Crunch time is coming for the Commission on Innovation and Excellence in Education, chaired by former University System Chancellor Brit Kirwan and commonly known as the Kirwan commission. After nine meetings over the past year, the 24-member commission has heard from dozens of experts and consultants on many aspects of education policy, practice and funding. Now, it’s time to make some recommendations and decisions for a report due to the governor and legislature in December.
Maryland often prides itself on how good its schools are and how much it spends on them. But the Kirwan Commission studying the state’s school funding and how it spends the money was told on Wednesday that Maryland actually lags behind several states with better test scores — Massachusetts, New Jersey and New Hampshire. On the other hand, compared to countries with top-performing students, U.S. schools spend far more per pupil. The conclusion, according to commission’s lead consultant, is that “money matters but how it is spent matters greatly.” He made a number of key recommendations.
It could be a cringe-worry moment when U.S. District Judge Catherine Blake finally rules on the lawsuit by black state universities demanding sweeping changes in Maryland’s public higher education system that benefit only their own campuses. In no way is Judge Blake qualified to disassemble Maryland’s well-regarded higher education network and then re-assemble the pieces in an entirely new way that miraculously makes historically black schools integrated and thriving learning institutions.
On Wednesday, Maryland’s Board of Public Works is scheduled to vote on transferring 117 acres of the old Rosewood State Hospital property to Stevenson University. It marks a fitting conclusion at Stevenson to the transformative presidency of Kevin Manning.
Democrats in the Maryland General Assembly on Tuesday passed legislation establishing parameters for school evaluations that the state school board strongly opposes and Gov. Larry Hogan has promised to veto. The House went along with Senate amendments, and sent the bill to Hogan, who called it “an utter disgrace.” If the bill is delivered to Hogan’s office by Monday, he has six days to act on it, giving the legislature the chance to override a veto before it adjourns April 10.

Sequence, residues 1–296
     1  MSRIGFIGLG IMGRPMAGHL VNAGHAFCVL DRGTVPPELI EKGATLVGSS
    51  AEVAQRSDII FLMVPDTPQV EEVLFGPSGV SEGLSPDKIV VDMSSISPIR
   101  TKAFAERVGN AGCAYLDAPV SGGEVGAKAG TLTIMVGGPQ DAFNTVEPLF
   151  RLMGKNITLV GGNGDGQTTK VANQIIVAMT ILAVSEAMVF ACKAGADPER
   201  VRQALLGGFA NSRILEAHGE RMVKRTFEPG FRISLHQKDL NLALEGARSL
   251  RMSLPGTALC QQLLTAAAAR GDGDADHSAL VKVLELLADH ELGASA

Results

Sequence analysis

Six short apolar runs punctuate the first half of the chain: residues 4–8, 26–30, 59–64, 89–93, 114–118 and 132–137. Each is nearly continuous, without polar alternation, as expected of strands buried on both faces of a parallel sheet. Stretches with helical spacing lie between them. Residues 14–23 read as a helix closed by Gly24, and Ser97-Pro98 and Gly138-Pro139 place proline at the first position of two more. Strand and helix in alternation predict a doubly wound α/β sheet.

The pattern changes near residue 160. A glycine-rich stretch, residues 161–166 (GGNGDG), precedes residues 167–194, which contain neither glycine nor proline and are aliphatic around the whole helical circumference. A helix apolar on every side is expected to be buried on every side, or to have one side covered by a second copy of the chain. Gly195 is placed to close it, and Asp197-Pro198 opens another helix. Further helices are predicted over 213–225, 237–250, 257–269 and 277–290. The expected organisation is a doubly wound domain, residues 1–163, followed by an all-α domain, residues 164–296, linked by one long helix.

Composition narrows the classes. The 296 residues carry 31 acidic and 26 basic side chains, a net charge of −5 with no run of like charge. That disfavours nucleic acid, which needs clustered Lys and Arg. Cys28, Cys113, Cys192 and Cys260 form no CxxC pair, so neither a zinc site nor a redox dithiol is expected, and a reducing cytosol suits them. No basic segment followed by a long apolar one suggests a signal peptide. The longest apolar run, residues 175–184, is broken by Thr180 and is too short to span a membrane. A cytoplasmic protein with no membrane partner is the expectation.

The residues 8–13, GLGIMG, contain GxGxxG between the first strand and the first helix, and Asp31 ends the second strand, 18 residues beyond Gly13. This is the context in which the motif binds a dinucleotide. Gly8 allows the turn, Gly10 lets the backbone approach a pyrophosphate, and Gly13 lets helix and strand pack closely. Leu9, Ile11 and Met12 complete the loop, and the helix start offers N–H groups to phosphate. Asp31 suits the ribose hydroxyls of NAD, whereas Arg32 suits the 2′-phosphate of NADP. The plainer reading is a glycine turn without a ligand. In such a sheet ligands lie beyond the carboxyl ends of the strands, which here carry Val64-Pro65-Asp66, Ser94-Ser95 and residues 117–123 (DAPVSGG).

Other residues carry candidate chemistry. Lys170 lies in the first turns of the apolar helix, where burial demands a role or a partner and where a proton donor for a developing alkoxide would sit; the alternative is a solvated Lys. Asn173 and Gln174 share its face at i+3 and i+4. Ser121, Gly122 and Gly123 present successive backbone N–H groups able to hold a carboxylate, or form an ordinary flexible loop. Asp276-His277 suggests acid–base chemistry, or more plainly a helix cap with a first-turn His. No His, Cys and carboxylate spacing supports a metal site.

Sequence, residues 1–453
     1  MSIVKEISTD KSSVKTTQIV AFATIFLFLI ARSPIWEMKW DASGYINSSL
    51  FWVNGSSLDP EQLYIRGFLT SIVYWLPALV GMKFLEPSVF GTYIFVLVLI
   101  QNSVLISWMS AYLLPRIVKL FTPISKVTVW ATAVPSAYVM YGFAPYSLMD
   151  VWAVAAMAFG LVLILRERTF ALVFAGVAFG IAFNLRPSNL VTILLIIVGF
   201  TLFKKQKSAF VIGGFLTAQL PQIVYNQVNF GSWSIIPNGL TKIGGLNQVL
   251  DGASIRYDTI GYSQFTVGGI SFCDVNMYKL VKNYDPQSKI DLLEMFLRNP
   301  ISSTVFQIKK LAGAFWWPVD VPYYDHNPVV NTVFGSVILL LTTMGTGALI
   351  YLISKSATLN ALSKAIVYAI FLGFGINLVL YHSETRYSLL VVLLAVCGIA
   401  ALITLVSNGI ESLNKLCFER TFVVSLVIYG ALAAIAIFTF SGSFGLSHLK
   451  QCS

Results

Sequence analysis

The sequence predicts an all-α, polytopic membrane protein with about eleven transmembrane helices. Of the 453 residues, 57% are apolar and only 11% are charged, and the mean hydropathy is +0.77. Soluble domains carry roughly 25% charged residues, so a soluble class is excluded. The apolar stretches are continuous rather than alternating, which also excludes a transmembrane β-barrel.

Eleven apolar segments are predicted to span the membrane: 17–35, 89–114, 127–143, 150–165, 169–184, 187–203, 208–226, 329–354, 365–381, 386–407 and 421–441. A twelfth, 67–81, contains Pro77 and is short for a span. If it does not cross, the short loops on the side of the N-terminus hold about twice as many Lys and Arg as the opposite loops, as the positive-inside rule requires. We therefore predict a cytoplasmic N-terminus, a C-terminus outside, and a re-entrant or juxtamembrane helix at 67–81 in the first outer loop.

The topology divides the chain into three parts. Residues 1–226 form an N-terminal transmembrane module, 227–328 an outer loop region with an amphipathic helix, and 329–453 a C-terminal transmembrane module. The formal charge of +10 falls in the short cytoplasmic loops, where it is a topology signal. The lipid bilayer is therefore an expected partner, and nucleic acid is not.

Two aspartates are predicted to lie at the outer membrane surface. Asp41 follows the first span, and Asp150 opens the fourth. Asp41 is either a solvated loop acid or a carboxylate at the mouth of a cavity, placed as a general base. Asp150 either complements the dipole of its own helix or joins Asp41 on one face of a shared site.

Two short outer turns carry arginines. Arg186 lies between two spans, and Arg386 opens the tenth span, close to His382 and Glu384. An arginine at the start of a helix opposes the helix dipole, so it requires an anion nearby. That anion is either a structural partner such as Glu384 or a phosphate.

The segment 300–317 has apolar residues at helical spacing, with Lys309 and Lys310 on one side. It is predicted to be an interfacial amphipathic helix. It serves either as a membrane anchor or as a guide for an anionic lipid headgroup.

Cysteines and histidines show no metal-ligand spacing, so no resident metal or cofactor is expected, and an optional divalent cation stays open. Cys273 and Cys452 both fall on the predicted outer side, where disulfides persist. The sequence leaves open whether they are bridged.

As the cost of college has skyrocketed, students and parents could soon get relief on expensive textbooks under the Textbook Cost Savings Act of 2017 that would provide funding to develop free open source learning materials.“The state is moving rapidly towards free textbooks online,” said the bill’s sponso rSen. Jim Rosapepe, D-Prince George’s, in an interview. “If the bill passes it will be state policy that we want to move in that direction as much as possible.”
Financial aid officers across the state oppose two proposals that would require state funded colleges and universities to generate an annual “loan letter” to students that spells out their loan obligations and help them manage their finances better. The letter would be required to include payoff amounts, cost of borrowing and monthly payments – even for loans obtained at other schools.
New polling results funded by the state teachers union finds broad bipartisan support for increased funding for public education, even if it means “closing corporate loopholes and raising income taxes on the state’s highest earners.” The poll taken late last month by Gonzales Research was part of the same survey that found 74% approval ratings for the job Gov. Larry Hogan is doing. But the results of the questions on education would seem to put the same voters at odds with Hogan’s strong opposition to new taxes and strong support of increased funding for private school scholarships.
Compared to teachers in countries with the best performing students, U.S. teachers are less well compensated, have less support to prepare for teaching, have less time for planning and collaboration, and overall have less autonomy in the classroom, a state commission was told Monday. American teachers also spend the most instructional hours in the classroom with larger average class size compared to dozens of the most developed countries.
Comptroller’s chief of staff respond to Rascovar: “Having read your most recent column in MarylandReporter.com – “Maryland’s demeaning ‘Begathon” continues,” a politically-lubricated jeremiad against the Maryland public school construction program’s longstanding appeals process – I feel obliged to respectfully rebut several of your more misleading and uninformed points.”